Occupational Sun Protection: Workplace Culture, Equipment Provision and Outdoor Workers’ Characteristics
Journal of Occupational Health; Article ID: http://dx.doi.org/10.1539/joh.12-0182-OA; DN/JST.JSTAGE/joh/12-0182-OA
Anthony I Reeder1), Andrew Gray2), Judith P McCool3)
1) Cancer Society of New Zealand Social and Behavioral Research Unit, Department of Preventive and Social Medicine, Dunedin School of Medicine, University of Otago
2) Department of Preventive and Social Medicine, University of Otago
3) Dept. of Social and Community Health, School of Population Health, University of Auckland
Objectives: The aim of this study was to describe outdoor workers’ sun-protective practices, workplace sun-safety culture and sun-protective equipment provision; investigate the association of demographic, personal and occupational factors with sun-protective practices; and identify potential strategies for improving workers’ sun protection.
Methods: The present study used a clustered survey design with randomly identified employers in nine occupations. Employees provided questionnaire measures of demographics, personal characteristics (skin type, skin cancer risk perceptions, tanning attitudes, sun-exposure knowledge), personal occupational sun protection practices (exposure reduction, use of sun-protective clothing, sunscreen and shade), workplace sun-protective equipment provision and perceived workplace sun-safety culture. Summative scores were calculated for attitudes, knowledge, workplace provision and culture. A multivariable model was built with worker and workplace variables as plausible predictors of personal sun protection.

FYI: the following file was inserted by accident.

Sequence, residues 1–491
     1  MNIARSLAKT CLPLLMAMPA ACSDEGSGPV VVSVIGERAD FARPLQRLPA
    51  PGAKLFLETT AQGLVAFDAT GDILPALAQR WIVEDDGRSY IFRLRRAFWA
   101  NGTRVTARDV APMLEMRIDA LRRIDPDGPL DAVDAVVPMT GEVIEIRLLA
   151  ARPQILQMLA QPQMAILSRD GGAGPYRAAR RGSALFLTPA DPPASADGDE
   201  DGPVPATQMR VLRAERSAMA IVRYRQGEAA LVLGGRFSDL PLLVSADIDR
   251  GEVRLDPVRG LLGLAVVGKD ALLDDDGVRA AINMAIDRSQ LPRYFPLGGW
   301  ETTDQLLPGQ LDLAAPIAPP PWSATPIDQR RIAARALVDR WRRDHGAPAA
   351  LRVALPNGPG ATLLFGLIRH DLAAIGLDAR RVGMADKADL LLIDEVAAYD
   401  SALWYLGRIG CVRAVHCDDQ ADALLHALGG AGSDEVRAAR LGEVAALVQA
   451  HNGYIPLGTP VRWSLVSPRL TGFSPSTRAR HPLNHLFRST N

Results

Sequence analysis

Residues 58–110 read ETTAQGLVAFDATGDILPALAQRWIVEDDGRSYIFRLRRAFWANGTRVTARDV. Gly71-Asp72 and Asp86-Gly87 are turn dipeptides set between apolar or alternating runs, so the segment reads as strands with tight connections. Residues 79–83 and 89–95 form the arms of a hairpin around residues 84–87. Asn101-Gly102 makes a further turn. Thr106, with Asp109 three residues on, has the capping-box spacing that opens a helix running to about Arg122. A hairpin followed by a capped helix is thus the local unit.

Results: In this study, 1,061 workers (69% participation) from 112 workplaces provided sufficient information for analysis. Sex, age, prioritized ethnicity, education and risk perception differed significantly between occupational groups (p<0.001), as did workers’ sun-protective practices and workplace sun-protection equipment provision and supportive culture. After adjustment, each one-point increase in Workplace Sun-safety Culture Score (range 12 points) was associated with a 0.16 higher Personal Sun-Protection Score (p<0.001), and each one-point increase in Workplace Provision Score (range 4 points) was associated with a 0.14 higher score (p<0.001). Sun Protection Score was significantly associated with skin response to sun exposure (p<0.001), female sex (p=0.021), tanning attitudes (p=0.022) and occupation (p=0.049), but not ethnicity, age education, knowledge or skin cancer risk perception.
Conclusions: Protective equipment provision and sun-protective workplace culture are promising components for the development of comprehensive programmes to improve outdoor workers’ sun-protective practices.
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